This is a survey to gather font vendor/foundry feedback about two different approaches to having fonts on a Web server that can be used by Web pages. Please only take this survey if you are a font vendor; there is a separate survey for Web designers/developers:http://www.surveymonkey.com/s.aspx?sm=wyFVRRqnxAmTypkzThJOkA_3d_3d.
Feel free to pass the link to this survey on to other font developers.
Note that contact info is required (name, foundry/vendor, country and email address). Only one entry per font vendor please!
There are two approaches currently being considered by the W3C for being able to have fonts on a Web server. Both approaches would work with OpenType and Windows TrueType fonts. Both require active support from Web browsers to work.
One is just placing the original fonts on the Web server. This would just require a reference in the CSS, and placing the font on the Web server. Most of the thought on this is that the user would simply be responsible for checking the font license terms. Currently I know of no retail fonts that could legally be used in this way, and the general thinking is that this usage would be legal only with free and open source fonts (that is, not any retail fonts or fonts bundled with Mac OS or Windows).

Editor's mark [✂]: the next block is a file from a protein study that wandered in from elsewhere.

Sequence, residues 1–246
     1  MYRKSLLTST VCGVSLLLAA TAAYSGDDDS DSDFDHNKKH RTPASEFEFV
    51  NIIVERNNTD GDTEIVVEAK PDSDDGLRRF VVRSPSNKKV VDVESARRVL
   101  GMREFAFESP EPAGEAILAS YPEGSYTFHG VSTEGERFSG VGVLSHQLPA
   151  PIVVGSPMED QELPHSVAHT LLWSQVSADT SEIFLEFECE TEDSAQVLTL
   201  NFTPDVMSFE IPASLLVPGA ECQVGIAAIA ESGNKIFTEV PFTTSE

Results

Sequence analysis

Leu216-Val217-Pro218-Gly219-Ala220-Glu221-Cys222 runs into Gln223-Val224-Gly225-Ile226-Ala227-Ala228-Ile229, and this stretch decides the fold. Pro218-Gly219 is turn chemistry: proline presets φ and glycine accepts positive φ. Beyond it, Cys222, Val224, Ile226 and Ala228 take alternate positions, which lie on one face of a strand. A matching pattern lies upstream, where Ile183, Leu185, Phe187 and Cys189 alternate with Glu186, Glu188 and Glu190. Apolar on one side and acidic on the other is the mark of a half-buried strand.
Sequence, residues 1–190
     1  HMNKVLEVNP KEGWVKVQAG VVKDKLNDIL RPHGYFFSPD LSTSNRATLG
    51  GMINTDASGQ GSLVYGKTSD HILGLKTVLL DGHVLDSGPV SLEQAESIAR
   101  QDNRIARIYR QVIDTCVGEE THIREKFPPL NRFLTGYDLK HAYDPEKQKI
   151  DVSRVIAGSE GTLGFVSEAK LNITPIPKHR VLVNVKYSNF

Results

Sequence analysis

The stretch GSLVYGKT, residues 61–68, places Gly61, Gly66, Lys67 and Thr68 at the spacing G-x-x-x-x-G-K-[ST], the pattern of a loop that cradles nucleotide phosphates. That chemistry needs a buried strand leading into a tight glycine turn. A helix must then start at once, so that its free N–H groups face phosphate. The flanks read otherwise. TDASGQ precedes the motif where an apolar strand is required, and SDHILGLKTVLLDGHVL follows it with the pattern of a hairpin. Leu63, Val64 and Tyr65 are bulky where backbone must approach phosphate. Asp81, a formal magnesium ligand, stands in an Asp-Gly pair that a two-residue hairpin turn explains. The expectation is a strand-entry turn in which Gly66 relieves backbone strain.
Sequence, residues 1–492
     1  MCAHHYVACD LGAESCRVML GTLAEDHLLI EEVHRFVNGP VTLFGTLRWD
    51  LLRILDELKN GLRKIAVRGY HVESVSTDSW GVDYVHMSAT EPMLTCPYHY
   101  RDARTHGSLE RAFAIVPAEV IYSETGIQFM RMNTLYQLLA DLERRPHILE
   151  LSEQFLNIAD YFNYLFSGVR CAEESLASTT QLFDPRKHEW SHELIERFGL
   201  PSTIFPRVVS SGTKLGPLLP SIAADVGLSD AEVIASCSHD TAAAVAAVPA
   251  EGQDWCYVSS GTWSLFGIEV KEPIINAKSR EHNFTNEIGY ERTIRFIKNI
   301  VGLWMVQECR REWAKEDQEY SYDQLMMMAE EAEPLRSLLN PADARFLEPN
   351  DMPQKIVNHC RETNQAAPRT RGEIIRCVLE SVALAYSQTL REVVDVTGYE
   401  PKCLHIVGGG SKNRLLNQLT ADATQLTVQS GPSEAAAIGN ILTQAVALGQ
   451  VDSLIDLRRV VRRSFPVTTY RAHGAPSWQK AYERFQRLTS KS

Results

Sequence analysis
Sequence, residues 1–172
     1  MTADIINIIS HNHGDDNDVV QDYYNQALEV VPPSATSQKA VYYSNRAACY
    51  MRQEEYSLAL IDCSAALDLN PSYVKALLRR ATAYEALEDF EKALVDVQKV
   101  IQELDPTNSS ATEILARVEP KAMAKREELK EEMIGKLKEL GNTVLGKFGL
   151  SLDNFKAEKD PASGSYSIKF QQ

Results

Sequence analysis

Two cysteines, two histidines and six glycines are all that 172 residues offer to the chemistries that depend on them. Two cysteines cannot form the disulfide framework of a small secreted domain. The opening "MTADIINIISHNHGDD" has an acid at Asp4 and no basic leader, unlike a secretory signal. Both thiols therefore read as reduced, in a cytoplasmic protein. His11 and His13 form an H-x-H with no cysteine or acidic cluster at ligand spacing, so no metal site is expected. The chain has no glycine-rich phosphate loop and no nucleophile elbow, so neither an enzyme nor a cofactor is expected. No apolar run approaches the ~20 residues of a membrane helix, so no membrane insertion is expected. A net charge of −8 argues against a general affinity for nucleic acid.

The other option is the .EOT font format. This was originally created by Microsoft, but they are offering to give the format to the W3C as an open format. This involves some encryption and doesn't put entire font files loose on a Web server. EOT fonts can also specify what URLs/domains the fonts can be used with. End users would still need to check their licensing terms, but the process of creating EOT files also checks font embedding bits, meaning that fonts that don't allow embedding at all simply won't work with it.
Note also that neither approach stops end users from simply copying the font/EOT from the server (it is possible to prevent this on the server set-up side of things - you could require this in your license terms, but it's a server configuration issue that can't be easily enforced elsewhere).
For both links to more info and my commentary, see also my blog post on the subject at: http://blogs.adobe.com/typblography/2007/11/web_fonts_1.html